coronavirus

Dallas County Confirms 24 New COVID-19 Cases, 2 Deaths

Four people have now been confirmed to have died in Dallas County after contracting the COVID-19 virus

NBCUniversal, Inc.

Dallas County health officials confirm Monday two more people have died after contracting the COVID-19 virus and another two dozen have been infected.

County health officials said the additional 24 cases brings the county's total number of infected to 155. The county also confirmed the third and fourth deaths of people who have died after becoming infected.

The two victims, Dallas County officials said, were both men in their 60s who had been hospitalized while critically ill. One of the men had high-risk, chronic health conditions while the other did not.

Both of the men were residents of Dallas.

“My thoughts and prayers go out to the families of the two Dallas County residents who lost their lives to COVID-19 since yesterday’s posting. The “Stay Home Stay Safe” order will save lives but it takes all of us. We are working to answer the many questions from business we have received this morning and will get you answers as soon as possible. Most of your questions can be found by carefully reading the order and I encourage people to do that before they contact us,” said Dallas County Judge Clay Jenkins in a statement.

Jenkins, on Sunday, issued a shelter-in-place order for the county, effective Monday night at 11:59 p.m., requiring most residents to stay at home and to leave only for "essential activities." The order expires April 3.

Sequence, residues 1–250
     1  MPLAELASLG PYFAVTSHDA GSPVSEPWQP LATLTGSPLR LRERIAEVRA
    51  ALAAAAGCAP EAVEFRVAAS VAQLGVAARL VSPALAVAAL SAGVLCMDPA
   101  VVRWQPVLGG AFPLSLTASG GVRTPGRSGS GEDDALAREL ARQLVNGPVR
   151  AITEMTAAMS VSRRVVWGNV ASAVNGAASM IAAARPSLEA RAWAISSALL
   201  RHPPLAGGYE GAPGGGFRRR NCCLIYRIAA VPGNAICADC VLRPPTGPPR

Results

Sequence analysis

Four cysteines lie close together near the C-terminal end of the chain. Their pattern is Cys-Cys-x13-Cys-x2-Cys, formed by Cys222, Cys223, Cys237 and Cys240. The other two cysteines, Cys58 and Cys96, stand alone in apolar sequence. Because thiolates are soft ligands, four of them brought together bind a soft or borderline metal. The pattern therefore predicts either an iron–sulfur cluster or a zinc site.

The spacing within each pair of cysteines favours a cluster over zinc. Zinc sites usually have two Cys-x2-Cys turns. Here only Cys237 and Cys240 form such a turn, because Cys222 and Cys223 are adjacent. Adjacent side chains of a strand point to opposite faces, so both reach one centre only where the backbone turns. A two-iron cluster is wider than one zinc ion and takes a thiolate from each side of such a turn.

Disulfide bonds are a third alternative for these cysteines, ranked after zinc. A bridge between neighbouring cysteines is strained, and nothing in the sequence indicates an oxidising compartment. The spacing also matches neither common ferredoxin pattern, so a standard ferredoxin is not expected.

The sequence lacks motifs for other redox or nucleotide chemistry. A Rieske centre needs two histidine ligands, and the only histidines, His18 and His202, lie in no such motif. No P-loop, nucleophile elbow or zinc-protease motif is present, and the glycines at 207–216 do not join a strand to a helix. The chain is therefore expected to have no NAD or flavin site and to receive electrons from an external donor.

The judge's restrictions are the tightest in North Texas in a desperate effort to drastically reduce the number of new coronavirus cases.


*Map locations are approximate, central locations for the city and are not meant to indicate where actual infected people live.

**County totals below include all 32 North Texas counties, not just Collin, Dallas, Denton and Tarrant.


How to Avoid COVID-19 Infection:

The best way to prevent infection is to take precautions to avoid exposure to this virus, which are similar to the precautions you take to avoid the flu. CDC always recommends these everyday actions to help prevent the spread of respiratory viruses, including:

  • Wash your hands often with soap and water for at least 20 seconds. If soap and water are not available, use an alcohol-based hand sanitizer.
  • Avoid touching your eyes, nose, and mouth with unwashed hands.
  • Avoid close contact with people who are sick.
  • Stay home when you are sick.
  • Cover your cough or sneeze with a tissue, then throw the tissue in the trash.
  • Clean and disinfect frequently touched objects and surfaces.

*Information shared from the Office of Texas Gov. Greg Abbott

Contact Us